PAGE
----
Could 'Brown' Be Your Brand's New 'Green'?
With the announcement of the first synthetic burger grown in a petri dish, would it be more or less shocking to say “human waste is the currency of the future”? “Carbon footprints” and “data footprints” are carving the way for “microbial footprints.” Consumers are paying to get dirty… germ-dirty, that is. “Going viral" is taking on a whole new meaning in marketing. Online communities are flourishing around “intestine communities.” Brand ecosystems now have as much to do with biology as technology (Gulp).
"Rotten" is the New "Improved"
With every trend there is a counter-trend; the balancer to society’s “antibacterial” fixation over the past 15-20 years is a cultural shift towards people, places and things that are “organic” (i.e., derived from organisms) and “fermented.” Even the tastemaker-of-taste celebrity chef David Chang is serving up rotten, fermented foods that are amped in both umami and healthfulness.
Recent leaps in science and technology have enabled exploration of new aspects of life. As a result, there’s a lot of mapping going on right now: brain mapping, genome mapping, cosmos mapping and microbiome mapping. American Gut and Ubiome are taking microbiome mapping to the masses. Expect to see microbe tests in your pharmacy next to pregnancy and drug tests. Also, expect brands to replace manufacturing with growing, such as the Mercedes-Benz BIOME concept car.
Bacteria: Big Data Set for Segmentation?
Scientists have discovered that one’s unique microbial soup is contagious (chances are your colleagues and family members share your bacteria). Successful fecal, bile and ear wax transplants take “the sharing economy” to new levels. Especially interesting to marketers is the discovery that the flora on/in our bodies drive behavior, such as impacting:
- Attractiveness to others (think: biocompatibility… match.com evolves into microbe.com)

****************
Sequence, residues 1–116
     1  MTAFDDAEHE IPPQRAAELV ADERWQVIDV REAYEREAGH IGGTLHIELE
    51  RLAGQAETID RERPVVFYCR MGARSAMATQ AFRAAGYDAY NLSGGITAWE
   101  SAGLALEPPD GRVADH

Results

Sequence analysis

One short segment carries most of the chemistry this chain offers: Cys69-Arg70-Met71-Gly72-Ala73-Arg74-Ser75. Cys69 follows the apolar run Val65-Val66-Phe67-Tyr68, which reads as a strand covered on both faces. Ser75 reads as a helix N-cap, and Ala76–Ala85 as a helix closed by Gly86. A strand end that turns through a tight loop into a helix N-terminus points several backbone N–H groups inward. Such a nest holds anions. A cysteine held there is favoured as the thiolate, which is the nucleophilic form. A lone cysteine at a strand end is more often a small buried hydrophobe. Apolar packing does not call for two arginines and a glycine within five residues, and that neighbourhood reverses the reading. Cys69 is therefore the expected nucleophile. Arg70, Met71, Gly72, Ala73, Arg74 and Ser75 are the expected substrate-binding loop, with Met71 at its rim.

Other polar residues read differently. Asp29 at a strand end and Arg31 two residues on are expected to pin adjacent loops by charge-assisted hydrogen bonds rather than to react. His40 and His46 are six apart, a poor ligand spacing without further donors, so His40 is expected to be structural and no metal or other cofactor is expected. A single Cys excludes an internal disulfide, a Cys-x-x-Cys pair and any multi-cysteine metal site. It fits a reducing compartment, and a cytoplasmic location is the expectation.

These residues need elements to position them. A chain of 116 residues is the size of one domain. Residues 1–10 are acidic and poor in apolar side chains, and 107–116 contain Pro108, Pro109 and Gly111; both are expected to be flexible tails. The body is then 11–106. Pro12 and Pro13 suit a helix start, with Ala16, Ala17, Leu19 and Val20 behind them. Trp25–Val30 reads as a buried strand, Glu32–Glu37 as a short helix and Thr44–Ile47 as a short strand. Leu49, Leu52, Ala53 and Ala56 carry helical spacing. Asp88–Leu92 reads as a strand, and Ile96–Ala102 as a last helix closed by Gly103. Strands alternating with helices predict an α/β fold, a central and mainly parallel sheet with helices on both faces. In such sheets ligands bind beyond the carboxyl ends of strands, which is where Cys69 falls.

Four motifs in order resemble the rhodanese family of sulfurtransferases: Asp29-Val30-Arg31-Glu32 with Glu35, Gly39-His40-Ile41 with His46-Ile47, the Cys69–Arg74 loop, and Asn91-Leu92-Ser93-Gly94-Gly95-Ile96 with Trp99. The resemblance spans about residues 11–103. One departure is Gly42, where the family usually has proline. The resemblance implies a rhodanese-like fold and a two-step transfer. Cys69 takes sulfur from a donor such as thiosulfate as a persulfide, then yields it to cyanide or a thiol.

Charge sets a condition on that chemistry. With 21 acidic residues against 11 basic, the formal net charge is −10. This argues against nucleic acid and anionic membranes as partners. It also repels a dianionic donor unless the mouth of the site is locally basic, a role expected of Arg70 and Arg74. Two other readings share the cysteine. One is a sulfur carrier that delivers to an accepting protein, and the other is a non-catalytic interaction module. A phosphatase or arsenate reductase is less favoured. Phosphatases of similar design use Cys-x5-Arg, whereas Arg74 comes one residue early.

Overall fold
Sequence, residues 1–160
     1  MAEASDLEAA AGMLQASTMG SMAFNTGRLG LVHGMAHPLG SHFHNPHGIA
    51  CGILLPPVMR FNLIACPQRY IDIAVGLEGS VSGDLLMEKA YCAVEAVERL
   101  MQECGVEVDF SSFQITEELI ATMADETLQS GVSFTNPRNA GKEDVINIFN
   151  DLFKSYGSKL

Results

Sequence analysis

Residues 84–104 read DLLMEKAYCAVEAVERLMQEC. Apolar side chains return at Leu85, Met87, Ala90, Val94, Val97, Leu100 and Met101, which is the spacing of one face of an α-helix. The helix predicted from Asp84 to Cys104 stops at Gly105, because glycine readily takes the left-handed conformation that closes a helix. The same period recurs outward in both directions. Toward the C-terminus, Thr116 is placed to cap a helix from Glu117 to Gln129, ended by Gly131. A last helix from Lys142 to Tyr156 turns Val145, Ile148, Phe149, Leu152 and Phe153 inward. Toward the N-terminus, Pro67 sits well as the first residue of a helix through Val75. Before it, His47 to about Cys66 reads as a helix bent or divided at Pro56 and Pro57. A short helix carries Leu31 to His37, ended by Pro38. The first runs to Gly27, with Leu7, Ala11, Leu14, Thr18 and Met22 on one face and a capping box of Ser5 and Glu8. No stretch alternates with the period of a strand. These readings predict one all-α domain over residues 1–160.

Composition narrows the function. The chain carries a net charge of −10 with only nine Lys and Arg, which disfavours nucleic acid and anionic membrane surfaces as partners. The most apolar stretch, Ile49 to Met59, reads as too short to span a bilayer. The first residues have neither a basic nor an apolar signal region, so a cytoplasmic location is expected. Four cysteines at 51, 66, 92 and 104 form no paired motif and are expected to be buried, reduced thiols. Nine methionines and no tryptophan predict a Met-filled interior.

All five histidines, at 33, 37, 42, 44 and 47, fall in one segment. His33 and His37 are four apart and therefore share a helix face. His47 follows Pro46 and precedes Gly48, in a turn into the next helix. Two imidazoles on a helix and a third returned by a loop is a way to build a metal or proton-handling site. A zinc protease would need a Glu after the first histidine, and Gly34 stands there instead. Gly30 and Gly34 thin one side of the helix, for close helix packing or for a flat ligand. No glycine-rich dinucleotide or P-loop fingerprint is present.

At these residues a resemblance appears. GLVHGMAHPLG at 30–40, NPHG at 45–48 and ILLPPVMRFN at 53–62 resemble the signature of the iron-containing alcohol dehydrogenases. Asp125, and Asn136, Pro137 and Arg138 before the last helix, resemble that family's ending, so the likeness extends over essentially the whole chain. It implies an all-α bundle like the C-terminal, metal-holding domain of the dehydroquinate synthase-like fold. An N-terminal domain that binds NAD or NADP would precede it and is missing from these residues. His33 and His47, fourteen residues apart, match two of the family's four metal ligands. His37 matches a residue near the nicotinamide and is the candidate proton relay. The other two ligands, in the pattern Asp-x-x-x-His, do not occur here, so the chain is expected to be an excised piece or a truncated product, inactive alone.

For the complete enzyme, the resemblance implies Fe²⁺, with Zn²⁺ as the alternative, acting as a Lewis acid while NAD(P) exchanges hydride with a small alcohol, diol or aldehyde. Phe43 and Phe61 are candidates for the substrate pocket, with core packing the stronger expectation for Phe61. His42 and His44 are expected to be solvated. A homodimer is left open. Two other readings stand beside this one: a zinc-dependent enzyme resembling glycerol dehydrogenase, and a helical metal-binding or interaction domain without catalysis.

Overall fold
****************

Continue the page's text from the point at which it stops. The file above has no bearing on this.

Marketers today know that “mood stages” are as important as “life stages” to purchasing decisions. In our lifetime, anticipate that consumers are segmented by their “bacterial profile” (a technique enabled my emerging technology) as it ought to help marketers predict behavior, product needs and even social influence.
Brand Touchpoints -> Biome Touchpoints
New discoveries in the microbial world IN us and AROUND us are already shaping the way marketers design environments, including brand experiences and retail. In fact, new industries have been born from bacteria such as BX (biotic experience) design and “bio-architecture.” Look at the work of Jessica Green regarding designing the microbial work environment.
Imagine your hotel room in the future is not sterilized or cleaned in the traditional fashion, but rather neutralized, balanced and harmonized in terms of its microbial environment. It’s not hard to imagine a Job of the Future requiring a MBA (Microbiome Balancing Accreditation). Today we have financial advisors, tomorrow we'll have microbial advisors.
It costs as much to add and balance impurities as it does to eradicate them, so fortifying with a little "rotten" won't come cheap. The next generation of premium foods will have labels that read "contains living additives". Consider this: “bacteria balancing” household products with labels that scream "new, with extra microbes!". Probiotics 2.0 = Superbiotics. Expect yogurt with "active culture" to evolve into yogurt with "generative culture.”
Marketers, Back-Up Your Biome!
So, as the zeitgeist shifts from “green” to “brown,” the “bacterial portfolios of brands” will be copyright protected. A “brand ecosystem” will have a new meaning, as will “brand communities.” We may very well see brand manager adding a “brand biome” to a list of brand assets -- guarded it like the Coca-Cola recipe -- in a safety deposit box designed for living matter.
The body contains 10 times more bacterial cells than human cells; we are more bacteria than human. Ninety-nine percent of our genes are microbial genes, and scientists have found that bacteria “talk” to each other. It begs the question, who is the host and who is the parasite? Are consumers simply colonies of micro-organisms?
Marketers are already deriving inspiration from biomimicry, such as naturally antibacterial products and packaging design based on shark skin texture. If bacteria are drivers of human behavior, how will marketers protect, manage and manipulate the microbiome?